Qendrim Dobruna, aged 27 and a member of an international cybercrime organization was pleaded guilty on Friday for a cyberattack on the global financial system networks that caused millions of dollars in losses over the course of 48 hours in 2011. The defendant was arrested in Germany and extradited to the United States in 2012. As per the allegations, he and his co-conspirators hacked into the computer systems of JPMorgan Chase, a U.S.-based  top credit and debit card payment processor that processed debit card transactions for the American Red Cross in connection with disaster relief victims.

Qendrim Dobruna aka “cL0sEd”or “cL0z,” disseminated the stolen card data worldwide to his co-conspirators after eliminating the withdrawal limits from the compromised accounts and manipulated the security protocols that would have alerted the victim about his endeavour. The stolen card data was then distributed to the individuals who encoded the data to magnetic stripe cards to use at various ATMs for their personal benefit.

Before the attack was noticed, more than 15,000 ATM transactions were conducted in approximately 18 countries using the compromised disaster relief prepaid cards, resulting in $14 million in financial loss worldwide.  Authorities said that, the amount of the loss which would have been much more if the attack had not been noticed.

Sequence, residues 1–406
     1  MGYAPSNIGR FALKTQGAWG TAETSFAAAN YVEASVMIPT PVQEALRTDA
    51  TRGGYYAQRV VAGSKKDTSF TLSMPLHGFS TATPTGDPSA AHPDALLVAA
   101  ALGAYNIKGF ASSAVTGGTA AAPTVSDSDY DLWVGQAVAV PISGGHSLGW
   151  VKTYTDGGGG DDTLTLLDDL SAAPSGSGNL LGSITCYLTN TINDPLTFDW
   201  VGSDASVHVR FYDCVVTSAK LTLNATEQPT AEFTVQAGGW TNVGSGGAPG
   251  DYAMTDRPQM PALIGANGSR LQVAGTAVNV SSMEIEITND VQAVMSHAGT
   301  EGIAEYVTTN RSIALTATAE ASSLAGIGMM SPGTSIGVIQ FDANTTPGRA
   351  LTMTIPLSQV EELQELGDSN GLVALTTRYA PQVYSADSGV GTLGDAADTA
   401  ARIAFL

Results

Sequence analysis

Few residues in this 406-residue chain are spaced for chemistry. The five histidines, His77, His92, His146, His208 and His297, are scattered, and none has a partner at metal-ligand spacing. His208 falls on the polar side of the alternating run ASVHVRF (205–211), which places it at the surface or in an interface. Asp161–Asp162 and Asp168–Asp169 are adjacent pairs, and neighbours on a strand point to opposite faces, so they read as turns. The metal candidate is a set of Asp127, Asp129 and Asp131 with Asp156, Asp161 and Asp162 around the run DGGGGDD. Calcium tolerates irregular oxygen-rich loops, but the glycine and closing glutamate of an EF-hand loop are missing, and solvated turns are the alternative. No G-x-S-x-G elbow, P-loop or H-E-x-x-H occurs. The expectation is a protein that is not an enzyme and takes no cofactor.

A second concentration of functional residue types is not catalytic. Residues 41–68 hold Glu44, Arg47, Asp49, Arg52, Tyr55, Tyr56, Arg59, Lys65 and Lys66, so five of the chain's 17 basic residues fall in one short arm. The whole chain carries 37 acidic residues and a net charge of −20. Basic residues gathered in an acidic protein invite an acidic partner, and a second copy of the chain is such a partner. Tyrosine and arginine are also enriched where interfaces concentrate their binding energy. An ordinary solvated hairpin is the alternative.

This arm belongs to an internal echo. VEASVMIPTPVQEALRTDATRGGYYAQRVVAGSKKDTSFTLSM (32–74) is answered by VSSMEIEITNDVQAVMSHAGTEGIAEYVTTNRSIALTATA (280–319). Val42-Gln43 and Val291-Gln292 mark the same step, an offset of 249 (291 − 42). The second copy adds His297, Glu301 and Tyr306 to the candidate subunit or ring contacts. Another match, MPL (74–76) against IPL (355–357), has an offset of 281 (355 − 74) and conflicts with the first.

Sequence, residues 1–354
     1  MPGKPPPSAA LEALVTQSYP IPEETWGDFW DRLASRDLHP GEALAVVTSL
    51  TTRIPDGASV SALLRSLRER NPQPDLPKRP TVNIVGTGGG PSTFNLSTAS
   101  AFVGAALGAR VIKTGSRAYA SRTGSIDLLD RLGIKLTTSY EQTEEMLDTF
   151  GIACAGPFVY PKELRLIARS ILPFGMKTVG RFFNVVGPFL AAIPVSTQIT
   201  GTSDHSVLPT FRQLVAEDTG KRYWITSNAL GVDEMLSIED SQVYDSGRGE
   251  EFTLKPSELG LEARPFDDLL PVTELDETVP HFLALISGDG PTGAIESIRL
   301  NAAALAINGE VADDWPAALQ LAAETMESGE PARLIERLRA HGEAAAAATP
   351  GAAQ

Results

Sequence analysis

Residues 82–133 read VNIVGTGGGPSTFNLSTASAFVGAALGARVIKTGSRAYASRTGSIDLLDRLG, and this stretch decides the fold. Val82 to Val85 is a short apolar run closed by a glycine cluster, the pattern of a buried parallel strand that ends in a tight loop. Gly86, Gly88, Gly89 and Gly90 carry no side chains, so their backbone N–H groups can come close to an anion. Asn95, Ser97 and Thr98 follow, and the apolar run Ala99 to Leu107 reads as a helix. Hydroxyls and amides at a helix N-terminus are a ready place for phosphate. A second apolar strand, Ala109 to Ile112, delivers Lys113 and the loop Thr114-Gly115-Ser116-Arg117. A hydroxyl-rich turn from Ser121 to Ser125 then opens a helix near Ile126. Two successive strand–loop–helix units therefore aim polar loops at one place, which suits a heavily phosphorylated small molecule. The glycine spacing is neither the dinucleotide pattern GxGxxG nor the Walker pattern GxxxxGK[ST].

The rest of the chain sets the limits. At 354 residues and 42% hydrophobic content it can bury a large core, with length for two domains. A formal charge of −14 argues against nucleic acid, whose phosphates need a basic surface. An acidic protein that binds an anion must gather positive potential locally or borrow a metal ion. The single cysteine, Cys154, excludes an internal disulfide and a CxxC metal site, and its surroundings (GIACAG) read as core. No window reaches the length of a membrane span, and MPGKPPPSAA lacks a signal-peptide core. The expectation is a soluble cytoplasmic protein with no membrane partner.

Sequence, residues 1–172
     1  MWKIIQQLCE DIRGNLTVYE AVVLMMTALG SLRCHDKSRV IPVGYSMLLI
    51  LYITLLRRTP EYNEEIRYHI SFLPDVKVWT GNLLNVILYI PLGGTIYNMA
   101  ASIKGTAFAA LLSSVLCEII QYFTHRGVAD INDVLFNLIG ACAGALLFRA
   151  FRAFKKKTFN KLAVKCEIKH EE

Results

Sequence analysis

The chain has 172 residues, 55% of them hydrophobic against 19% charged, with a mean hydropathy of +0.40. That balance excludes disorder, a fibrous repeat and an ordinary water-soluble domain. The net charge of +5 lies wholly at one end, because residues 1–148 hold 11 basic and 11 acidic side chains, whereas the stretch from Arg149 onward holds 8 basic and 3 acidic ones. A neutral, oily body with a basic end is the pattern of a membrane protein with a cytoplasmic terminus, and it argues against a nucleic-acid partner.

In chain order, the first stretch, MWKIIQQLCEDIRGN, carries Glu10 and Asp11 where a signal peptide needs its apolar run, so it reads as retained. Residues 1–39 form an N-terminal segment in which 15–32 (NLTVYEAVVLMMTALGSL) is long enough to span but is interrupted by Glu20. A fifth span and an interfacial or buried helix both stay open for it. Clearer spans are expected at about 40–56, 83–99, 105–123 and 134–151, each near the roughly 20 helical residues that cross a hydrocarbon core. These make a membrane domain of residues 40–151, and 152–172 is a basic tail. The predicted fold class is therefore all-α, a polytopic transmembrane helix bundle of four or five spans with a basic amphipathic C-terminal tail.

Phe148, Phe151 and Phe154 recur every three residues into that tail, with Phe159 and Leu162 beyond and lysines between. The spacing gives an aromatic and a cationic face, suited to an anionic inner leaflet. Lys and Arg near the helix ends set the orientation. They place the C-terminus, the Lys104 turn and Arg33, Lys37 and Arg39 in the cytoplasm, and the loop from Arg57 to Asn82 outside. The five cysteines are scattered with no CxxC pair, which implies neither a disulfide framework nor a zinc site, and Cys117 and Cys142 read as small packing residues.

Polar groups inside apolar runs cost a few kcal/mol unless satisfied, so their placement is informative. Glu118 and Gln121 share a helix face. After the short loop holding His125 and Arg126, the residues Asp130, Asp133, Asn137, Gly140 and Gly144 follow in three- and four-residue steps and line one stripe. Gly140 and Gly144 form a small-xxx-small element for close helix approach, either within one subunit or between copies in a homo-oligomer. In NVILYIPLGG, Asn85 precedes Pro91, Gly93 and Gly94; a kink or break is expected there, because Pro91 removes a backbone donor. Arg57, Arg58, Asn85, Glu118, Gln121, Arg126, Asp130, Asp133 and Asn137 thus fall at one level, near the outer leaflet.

Dobruna will be sentenced on Oct. 24 and could have faced 30 years in prison, as well as a maximum fine of $1 million, according to the Friday Department of Justice press release. But as part of a plea deal entered into with the authorities, Dobruna will be sentenced to nine years in prison.  Prior to agreeing for plea bargain, Dobruna filed a not guilty plea but he  subsequently withdrew it on Friday after admitted to hacking into the systems of J.P. Morgan Chase, which processed transactions by the American Red Cross.

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